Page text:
UCL Institute of Cardiovascular Science


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3D patient-specific models of congenital heart diseases

"I’m still looking at the chalk heart in absolute amazement and am guarding it like a Doberman! [...] It really does help knowing and understanding what is planned."
(Mother of A.D., Cardiorespiratory Unit, Great Ormond Street Hospital)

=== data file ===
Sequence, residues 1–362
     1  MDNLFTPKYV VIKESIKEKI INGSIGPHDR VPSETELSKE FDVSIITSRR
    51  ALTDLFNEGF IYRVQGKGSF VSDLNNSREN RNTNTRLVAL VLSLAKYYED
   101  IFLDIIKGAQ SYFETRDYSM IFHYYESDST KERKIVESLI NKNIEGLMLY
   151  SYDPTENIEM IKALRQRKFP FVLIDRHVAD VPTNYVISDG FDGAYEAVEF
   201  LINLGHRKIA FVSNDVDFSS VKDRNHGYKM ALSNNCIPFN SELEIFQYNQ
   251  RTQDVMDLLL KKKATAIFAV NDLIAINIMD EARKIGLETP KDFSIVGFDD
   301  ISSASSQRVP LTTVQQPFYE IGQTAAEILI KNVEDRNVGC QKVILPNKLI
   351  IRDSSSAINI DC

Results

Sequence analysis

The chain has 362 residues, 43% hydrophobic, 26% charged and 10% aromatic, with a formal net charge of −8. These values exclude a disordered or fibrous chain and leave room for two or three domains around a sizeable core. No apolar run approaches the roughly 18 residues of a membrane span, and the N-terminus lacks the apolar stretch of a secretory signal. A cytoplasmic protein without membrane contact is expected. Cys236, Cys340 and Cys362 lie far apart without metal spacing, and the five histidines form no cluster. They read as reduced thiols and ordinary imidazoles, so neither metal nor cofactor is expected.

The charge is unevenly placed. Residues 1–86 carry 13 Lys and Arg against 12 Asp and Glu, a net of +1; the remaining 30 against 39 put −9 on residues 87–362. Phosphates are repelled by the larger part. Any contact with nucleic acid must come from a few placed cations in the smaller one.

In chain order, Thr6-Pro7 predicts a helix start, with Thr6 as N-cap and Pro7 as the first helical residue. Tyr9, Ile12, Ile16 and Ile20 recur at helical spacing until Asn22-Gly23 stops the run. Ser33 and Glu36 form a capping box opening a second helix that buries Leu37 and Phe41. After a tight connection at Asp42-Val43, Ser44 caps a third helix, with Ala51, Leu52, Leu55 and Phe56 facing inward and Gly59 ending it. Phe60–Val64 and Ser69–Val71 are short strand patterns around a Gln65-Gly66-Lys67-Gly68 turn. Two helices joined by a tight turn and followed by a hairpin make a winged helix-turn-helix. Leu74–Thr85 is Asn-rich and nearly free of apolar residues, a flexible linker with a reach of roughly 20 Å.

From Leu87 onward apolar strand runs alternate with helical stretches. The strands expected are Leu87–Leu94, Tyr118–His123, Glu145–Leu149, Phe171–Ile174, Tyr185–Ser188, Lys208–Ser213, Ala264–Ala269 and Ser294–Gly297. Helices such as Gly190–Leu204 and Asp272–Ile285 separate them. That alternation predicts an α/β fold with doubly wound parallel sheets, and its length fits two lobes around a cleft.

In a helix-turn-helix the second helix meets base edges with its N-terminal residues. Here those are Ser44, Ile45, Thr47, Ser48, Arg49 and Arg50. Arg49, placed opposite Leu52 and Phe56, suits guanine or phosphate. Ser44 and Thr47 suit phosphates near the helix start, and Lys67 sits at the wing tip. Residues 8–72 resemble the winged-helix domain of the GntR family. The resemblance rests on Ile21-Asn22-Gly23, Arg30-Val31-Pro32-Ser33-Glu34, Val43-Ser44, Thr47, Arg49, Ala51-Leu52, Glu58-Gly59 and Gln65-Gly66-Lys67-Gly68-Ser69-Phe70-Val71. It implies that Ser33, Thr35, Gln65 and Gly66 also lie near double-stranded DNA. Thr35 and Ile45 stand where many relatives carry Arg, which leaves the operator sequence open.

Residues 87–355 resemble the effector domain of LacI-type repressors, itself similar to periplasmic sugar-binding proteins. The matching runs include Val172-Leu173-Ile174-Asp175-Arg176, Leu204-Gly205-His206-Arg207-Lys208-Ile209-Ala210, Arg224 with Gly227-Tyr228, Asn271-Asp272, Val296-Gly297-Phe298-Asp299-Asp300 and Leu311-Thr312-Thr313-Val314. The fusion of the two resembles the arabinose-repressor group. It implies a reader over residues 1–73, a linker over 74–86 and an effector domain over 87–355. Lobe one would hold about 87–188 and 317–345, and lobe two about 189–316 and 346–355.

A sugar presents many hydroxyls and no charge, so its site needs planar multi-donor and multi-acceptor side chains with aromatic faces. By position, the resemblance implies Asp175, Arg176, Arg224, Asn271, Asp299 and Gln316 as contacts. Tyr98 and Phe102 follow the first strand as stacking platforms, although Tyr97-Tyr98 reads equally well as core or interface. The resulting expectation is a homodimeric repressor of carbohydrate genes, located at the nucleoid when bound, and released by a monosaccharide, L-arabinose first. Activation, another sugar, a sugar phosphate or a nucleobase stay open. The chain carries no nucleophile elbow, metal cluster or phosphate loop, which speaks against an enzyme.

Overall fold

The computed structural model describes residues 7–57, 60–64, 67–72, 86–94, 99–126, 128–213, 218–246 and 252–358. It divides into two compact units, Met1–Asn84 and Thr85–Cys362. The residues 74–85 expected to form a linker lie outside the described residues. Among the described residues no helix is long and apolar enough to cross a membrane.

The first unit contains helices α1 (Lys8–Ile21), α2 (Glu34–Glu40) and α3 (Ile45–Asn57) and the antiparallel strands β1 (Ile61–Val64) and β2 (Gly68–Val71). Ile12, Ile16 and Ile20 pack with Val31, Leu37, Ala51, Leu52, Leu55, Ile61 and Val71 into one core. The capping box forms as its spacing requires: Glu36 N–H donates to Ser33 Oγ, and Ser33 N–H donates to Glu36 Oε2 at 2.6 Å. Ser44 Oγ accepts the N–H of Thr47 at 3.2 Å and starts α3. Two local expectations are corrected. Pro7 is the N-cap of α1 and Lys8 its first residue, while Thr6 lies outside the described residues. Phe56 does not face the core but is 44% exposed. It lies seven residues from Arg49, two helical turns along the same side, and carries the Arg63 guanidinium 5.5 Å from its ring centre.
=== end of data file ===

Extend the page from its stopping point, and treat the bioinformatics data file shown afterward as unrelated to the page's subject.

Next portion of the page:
On-going research at the Centre for Cardiovascular Imaging (UCL Institute of Cardiovascular Science) and at Great Ormond Street Hospital for Children in London is looking into the potential of using 3-dimensional patient-specific models of congenital heart diseases in clinical practice. These models are produced with a technique known as "rapid prototyping" (3D printing), whereby an object is manufactured layer by layer. The input for this printing process is gathered from medical imaging data, typically magnetic resonance imaging or computed tomography. During a clinical consultation, such a 3D model can help parents and patients to gain a better understanding of the complex anatomy of congenital heart defects, i.e. "where things are" before and/or after repair, as well as better identifying and describing the problem that has been corrected or needs to be addressed. In this way, parents and children are more and more engaged in the research activity, as we believe that patients and public involvement (PPI) will, in turn, lead to better research design.